Feminists at work, whether they are mothers or not, have yet to reconcile several conflicts related to class, race, and culture. Most conversations about women in the workplace fall along two lines: they are single and ruthless, or they are coupled and supported outside of corporate work by a partner who helps them tend to family life. I have a feeling that there are many more working feminists who get left out of the discussion, though I can’t figure out why that is.
Amy Allen, writing for the Stone blog at the New York Times, did a good job of approaching the nuances of this discussion in her recent piece, “‘Mommy Wars’ Redux: A False Conflict.”
Much work in second wave feminist theory of the 1970s and 1980s converged around a diagnosis of the cultural value system that underpins patriarchal societies. Feminists argued that the fundamental value structure of such societies rests on a series of conceptual dichotomies: reason vs. emotion; culture vs. nature; mind vs. body; and public vs. private. In patriarchal societies, they argued, these oppositions are not merely distinctions — they are implicit hierarchies, with reason valued over emotion, culture over nature, and so on.” Allen writes that some feminists “argued that the best solution was for women to claim the values traditionally associated with masculinity for themselves…Other feminists, by contrast, argued that this liberal assimilationist approach failed to challenge the deeply problematic value structure that associated femininity with inferiority…While both of these strategies have their merits, they also share a common flaw, which is that they leave the basic conceptual dichotomies intact.
I would add that those conceptual dichotomies often leave out racial and class-based divisions that undermine the work of feminism in an increasingly multiracial and class-conscious society. Allen nods at this by noting that discussions of feminism seem to boil down to questions of choice, which is problematic since, “framing the mommy wars in terms of choice is not just that only highly educated, affluent, mostly white women have a genuine choice about whether to become uber moms…the problem is also that under current social, economic and cultural conditions, no matter what one chooses, there will be costs.”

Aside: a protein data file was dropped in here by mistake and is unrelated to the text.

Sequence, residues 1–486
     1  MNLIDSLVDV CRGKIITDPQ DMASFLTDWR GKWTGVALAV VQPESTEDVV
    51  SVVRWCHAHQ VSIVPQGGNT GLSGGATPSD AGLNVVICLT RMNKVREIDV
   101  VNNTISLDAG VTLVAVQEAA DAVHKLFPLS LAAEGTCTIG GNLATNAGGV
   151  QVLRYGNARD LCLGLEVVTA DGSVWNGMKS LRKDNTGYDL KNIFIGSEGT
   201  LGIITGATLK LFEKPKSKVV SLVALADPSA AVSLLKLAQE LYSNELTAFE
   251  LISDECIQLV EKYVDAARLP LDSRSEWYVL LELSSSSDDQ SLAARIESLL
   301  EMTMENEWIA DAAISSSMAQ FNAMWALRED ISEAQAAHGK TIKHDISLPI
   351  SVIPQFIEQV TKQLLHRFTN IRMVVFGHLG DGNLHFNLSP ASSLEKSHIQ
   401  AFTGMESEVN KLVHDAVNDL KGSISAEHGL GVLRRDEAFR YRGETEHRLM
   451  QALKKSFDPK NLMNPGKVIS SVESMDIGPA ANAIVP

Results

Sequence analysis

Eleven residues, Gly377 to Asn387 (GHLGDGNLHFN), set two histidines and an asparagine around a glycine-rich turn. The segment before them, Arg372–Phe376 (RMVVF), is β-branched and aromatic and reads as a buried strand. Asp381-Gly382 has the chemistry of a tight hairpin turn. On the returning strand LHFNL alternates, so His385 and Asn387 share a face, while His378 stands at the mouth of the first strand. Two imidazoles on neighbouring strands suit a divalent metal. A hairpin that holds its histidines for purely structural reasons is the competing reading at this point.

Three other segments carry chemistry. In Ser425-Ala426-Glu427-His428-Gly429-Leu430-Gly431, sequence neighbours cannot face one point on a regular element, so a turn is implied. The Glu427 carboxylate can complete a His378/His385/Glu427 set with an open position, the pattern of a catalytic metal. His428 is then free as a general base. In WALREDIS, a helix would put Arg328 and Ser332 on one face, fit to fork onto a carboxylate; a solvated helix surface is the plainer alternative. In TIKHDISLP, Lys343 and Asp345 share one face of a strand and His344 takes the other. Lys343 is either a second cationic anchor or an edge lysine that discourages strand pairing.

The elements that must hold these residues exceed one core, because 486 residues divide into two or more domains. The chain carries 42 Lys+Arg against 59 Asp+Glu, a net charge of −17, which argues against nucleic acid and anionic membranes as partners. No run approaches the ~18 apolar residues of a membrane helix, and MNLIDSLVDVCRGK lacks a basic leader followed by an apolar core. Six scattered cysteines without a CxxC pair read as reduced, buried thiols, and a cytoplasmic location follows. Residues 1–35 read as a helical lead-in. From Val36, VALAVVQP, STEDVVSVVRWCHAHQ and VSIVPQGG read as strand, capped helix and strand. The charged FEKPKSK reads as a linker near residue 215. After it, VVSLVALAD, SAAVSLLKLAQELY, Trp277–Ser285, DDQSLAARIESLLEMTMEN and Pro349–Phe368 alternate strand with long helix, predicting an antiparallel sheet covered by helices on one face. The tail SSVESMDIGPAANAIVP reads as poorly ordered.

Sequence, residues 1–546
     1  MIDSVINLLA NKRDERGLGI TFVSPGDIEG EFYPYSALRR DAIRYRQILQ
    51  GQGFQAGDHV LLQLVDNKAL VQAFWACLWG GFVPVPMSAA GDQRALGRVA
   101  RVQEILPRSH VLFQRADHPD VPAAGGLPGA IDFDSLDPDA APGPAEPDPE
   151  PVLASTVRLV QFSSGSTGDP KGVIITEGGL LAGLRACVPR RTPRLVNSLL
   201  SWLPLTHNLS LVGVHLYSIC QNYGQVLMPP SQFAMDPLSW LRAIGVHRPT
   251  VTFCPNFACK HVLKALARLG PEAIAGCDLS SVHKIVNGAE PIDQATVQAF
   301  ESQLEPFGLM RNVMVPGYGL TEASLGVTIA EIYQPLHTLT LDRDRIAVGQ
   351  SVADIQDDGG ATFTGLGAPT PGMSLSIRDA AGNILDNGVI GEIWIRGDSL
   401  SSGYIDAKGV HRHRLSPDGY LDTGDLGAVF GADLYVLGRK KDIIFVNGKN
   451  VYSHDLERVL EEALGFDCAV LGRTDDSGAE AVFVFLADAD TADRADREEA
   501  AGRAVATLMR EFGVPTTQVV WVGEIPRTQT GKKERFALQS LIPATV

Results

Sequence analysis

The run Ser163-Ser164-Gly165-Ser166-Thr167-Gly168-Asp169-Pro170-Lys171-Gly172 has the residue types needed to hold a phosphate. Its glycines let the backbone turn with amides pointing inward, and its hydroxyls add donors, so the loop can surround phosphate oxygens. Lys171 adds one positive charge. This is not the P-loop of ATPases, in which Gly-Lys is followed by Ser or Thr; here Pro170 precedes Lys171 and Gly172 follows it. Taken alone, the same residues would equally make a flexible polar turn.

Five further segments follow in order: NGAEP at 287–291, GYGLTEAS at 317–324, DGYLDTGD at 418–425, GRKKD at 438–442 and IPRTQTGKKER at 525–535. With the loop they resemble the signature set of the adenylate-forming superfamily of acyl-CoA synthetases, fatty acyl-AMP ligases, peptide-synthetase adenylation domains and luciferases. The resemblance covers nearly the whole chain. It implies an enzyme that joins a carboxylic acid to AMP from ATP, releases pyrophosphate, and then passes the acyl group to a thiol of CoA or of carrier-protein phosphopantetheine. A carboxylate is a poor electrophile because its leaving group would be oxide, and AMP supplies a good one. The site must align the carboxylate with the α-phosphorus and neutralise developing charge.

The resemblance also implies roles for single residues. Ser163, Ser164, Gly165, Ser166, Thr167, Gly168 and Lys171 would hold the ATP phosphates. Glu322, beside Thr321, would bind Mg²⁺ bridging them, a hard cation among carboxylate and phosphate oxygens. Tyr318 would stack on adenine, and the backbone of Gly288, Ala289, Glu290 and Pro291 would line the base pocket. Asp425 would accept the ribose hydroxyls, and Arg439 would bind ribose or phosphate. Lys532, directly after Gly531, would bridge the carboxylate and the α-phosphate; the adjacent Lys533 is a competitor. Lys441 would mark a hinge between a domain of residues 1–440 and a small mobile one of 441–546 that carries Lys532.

During the discussion here about motherhood and debt, a married woman of color who is not a mother noted that most of the women who responded were women who could afford to opt out of work if they wanted to, usually because they had the support of male breadwinners. This is what Allen meant when she wrote that the ways that educational, racial, and economic privilege structure women’s choices is serious and must not be overlooked.
I told my friend that I always assume working-class women—and women of color in particular—who are navigating these choices are so busy doing the work of being women with limited choices in the world and paying for the costs of whatever those choices are that they don’t have the time or inclination to weigh in on discussions like these. Just having the conversation is its own privilege, in other words.
But this idea of a false conflict is an important one, since the internal conflict in feminism now seems to be that working women who have the most to gain from the necessary work of eliminating remaining racial and class silos among women are largely absent from the debates, articles, and commentary that claim to reflect their realities. The false conflict of public work conducted by women and the private work of motherhood, then, remains a conversation that is dominated by the concerns of white mothers in our culture. Is the idea that if they can make gains, the rest of us will benefit even if we’re not a part of the conversation?